On Saturdays I still got up early but spent most of the day on city walks. I lived alone in a one-bedroom series of brick rentals with a courtyard in the middle. None of the other renters used the courtyard and it was probably frowned upon, but I made a habit that spring of sitting beneath the cherry tree with a cocktail and an African robe I’d gotten off J. Peterman, admiring the blooms as they fell and gathered in the grass like confetti.
We didn’t have MP3 players then or smart phones so on my walks if I had music, it would have been cassette and headphones. I even taped some of my favorite radio shows and listened back, having thought to do that before an extended stay in France when I knew I’d feel disconnected, I’d want the familiar sounds of home.
The apartment was on the border of Capitol Hill, a popular Seattle neighborhood and epicenter of gay pride. Most street corners on Broadway had pop-up espresso stands, a practice that died one day for reasons we can’t entirely blame Starbucks on (though I could be wrong).
But my neighborhood was called the Central District, an unseemly side of Capitol Hill they kept saying would gentrify but still hasn’t, 25 years later. I was at the top of a street called Union, right before it crests and goes down to Madison Park, where Starbucks CEO Howard Schultz lived, right next door to Kurt Cobain and Courtney Love.
On a good day, if you walked out in the middle of my street you could see both mountain ranges: one to the west (the Olympics) and another to the east, (the Cascades). I’d often walk to work because most of the walk was downhill, taking me through a series of strange but interesting neighborhoods. It felt like the Philadelphia I’d left at times—gritty, real. People struggling. People staggering around.
I was 25 and alone. I didn’t have a car or plans on the weekends. I got up and made coffee and went out for the day. Walked either west, downtown—or sometimes north to the University District. One of my favorite bars was there: Flowers, named after the floral shop they occupied when they took over. It had a neon sign in the window that said Flowers so they kept the sign and just named the bar after that.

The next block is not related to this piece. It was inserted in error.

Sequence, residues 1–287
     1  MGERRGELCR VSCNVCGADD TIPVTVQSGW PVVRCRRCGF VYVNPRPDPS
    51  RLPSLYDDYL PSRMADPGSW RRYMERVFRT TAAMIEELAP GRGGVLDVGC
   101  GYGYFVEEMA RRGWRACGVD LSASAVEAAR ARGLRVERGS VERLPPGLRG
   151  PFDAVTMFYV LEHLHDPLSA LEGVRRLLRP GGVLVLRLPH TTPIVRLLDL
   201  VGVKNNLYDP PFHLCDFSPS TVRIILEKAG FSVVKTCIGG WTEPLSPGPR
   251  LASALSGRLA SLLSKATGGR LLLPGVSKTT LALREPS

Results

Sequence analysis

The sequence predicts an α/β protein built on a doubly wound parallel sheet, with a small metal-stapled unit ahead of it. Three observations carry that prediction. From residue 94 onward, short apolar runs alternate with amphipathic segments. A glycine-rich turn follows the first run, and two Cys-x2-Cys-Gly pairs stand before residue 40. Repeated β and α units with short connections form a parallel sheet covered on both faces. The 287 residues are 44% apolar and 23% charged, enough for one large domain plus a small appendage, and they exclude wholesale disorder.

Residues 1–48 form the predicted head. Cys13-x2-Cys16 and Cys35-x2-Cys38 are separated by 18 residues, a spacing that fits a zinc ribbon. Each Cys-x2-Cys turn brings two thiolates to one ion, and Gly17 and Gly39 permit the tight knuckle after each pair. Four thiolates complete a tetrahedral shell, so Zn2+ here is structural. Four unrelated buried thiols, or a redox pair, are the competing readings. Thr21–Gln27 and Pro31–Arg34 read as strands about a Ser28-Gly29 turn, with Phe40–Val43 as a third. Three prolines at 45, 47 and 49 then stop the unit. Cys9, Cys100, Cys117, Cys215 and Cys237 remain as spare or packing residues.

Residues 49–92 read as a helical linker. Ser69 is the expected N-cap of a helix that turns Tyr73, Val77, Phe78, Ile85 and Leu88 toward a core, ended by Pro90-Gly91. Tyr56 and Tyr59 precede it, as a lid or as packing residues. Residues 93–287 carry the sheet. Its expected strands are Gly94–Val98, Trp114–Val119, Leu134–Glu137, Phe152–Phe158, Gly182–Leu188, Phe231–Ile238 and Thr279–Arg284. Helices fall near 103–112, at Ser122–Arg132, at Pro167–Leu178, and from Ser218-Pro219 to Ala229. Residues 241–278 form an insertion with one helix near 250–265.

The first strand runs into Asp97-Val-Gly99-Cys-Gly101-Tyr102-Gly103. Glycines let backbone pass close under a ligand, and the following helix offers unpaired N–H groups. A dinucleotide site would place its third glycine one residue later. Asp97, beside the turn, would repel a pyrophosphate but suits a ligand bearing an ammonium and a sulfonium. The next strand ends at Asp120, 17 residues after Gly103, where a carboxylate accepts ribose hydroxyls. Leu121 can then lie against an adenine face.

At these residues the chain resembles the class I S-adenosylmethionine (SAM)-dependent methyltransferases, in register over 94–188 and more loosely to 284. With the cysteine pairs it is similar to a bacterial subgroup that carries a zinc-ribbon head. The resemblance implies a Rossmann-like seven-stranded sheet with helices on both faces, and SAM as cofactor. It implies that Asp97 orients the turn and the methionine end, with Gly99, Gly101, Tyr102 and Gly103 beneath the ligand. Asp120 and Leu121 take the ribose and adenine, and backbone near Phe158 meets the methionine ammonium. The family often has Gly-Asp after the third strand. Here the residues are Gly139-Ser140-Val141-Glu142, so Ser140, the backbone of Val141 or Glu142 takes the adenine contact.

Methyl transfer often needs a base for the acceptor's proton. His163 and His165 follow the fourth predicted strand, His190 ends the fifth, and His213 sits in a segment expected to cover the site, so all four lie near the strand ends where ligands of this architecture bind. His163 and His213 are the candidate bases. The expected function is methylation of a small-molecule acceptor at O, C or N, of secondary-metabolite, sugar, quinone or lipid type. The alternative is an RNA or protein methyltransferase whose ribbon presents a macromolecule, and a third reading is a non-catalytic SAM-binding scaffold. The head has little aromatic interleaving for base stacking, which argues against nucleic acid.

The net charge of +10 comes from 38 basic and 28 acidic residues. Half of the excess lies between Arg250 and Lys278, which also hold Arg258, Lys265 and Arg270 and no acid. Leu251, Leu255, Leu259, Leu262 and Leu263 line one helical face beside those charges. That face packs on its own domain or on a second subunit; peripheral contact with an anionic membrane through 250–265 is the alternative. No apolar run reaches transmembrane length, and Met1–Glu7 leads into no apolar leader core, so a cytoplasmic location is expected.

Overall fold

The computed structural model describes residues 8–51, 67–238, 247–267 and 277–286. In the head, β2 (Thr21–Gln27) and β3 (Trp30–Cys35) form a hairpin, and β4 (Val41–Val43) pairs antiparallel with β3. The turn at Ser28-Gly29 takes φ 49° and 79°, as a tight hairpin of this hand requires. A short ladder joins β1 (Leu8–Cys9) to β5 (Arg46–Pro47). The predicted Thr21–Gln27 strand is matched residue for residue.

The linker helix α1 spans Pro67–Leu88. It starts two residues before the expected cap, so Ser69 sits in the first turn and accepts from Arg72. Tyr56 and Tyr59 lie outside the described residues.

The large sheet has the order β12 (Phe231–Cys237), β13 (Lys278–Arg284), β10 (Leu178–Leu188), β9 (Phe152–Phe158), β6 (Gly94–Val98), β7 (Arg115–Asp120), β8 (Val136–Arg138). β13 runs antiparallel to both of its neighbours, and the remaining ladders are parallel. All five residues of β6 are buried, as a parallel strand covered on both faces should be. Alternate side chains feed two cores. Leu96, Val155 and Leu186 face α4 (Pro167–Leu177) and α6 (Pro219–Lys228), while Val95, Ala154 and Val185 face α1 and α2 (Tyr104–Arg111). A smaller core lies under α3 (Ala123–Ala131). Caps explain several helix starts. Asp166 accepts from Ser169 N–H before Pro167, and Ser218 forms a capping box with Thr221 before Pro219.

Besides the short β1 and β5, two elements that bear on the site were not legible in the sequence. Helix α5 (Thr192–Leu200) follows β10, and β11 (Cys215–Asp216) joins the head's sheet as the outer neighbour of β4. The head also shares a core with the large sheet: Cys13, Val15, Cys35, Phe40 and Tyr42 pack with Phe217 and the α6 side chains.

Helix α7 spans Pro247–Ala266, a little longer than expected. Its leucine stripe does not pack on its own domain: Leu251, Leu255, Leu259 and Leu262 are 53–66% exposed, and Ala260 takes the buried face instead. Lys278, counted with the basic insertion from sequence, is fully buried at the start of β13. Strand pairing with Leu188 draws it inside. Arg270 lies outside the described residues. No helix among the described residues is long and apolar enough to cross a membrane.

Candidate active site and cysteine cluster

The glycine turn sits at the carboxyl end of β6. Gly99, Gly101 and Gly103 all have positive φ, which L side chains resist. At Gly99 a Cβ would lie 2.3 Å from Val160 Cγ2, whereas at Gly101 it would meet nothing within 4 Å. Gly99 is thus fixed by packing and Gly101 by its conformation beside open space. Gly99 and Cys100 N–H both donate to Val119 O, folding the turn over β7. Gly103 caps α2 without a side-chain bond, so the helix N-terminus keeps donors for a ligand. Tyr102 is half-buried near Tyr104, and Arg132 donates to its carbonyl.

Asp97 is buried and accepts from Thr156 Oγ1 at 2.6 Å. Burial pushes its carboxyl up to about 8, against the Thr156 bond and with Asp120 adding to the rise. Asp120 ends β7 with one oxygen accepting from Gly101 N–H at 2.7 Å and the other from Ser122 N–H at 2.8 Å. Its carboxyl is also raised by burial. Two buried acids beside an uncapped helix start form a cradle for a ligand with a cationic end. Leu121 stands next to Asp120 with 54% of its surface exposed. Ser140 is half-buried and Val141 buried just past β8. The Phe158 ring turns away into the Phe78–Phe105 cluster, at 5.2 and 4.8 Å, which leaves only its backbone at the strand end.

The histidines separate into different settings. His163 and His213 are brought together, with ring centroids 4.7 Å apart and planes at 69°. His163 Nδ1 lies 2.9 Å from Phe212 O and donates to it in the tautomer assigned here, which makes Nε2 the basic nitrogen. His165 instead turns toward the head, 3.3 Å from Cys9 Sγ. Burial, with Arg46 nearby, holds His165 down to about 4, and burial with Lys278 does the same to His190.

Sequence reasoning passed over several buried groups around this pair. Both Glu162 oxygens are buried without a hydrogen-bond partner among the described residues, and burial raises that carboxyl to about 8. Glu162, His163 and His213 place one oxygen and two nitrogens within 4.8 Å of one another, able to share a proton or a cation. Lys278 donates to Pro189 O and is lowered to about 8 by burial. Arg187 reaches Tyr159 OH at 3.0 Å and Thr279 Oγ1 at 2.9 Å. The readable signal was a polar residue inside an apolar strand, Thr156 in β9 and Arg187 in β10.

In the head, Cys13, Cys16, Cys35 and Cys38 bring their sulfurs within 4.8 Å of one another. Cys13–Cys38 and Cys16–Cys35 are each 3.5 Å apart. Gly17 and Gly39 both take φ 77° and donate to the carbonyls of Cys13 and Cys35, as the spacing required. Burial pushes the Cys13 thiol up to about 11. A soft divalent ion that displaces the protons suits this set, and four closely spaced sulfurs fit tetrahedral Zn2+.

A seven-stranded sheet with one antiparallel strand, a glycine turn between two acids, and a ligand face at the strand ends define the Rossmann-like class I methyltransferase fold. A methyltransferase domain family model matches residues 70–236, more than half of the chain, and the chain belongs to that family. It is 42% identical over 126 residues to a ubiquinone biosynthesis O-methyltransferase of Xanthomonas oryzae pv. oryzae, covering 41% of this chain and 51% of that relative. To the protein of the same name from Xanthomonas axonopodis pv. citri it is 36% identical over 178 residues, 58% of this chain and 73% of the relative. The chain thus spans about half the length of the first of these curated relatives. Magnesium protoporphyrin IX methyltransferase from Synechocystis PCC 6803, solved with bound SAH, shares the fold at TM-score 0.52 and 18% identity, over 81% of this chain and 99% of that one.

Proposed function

I could get a martini at Flowers for $4 (a double), and a falafel sandwich, possibly a second drink—and get out for $20. And then walk back to my apartment to check if I had any messages.
The answering machine would blink with a small display if someone had called. It was a kind of ritual to take my jacket off, sit down, and hear who it was. I was love-hungry, with little in the way of leads. I didn’t really go to bars looking for women, I went there to day dream about writing or whatever my life had in store. I didn’t have to worry about work, I came and went. I was a secretary. I liked saying that: not a coordinator or an administrative assistant, a secretary. It had an air of class and honesty to it, tradition.
Once there was a message from a girl named Susannah I’d met at a bar before Thanksgiving. We hadn’t talked in two months and I didn’t think we ever would again. But then she called! I listened back several times, reexamining the tones and the words she used, trying to interpret what she meant. What my chances were with her.
It was coming on Valentine’s Day, and a cynic would say that’s why she called. She wanted a date. She was the kind of woman who drew attention when she entered a room and I was alit with the thought of us going out. We met at my apartment and walked down to the city. I bought dinner. We paused over the interstate and I threw my arms in the air and rocked on the handrails at the rush of the headlights and street lamps and wonder of it all.
We went back to my apartment but then it was clear she wasn’t going to stay. Something about my cats or something she had to do, that didn’t sound like something you’d really have to do if you didn’t want to.
Weekends were like that, though most didn’t include women. They featured my Cajun friend Myki and his overcoat and goatee, his silver handmade rings and cigarettes. Drinking coffee and cooking: Myki teaching me how to cook a roux. Both of us talking about girls. Sometimes going out if we could afford to.
We had met in Pittsburgh and both moved out to Seattle independently of the other, had reconnected the night I’d met Susannah at that bar. Myki wanted to be a classic music composer, was studying cello at Duquesne. He wound up working as a carpenter instead, fucking up his wrists and knees doing hard, manual work on construction sites. Chain smoking and shooting pool at a bar called The Zoo.
They offered me a promotion at work but I turned it down, for fear of more responsibility. I didn’t want anything to interfere with my prospects of being a writer, I held onto it hard. I was binary like that. I moved to France instead and quit work. Came back a year later to my same job. Was now an “administrative assistant” because my previous boss had been promoted to VP. And I was alone again, going out for walks, coming home to check my messages. Wondering what would come next and how long it would take.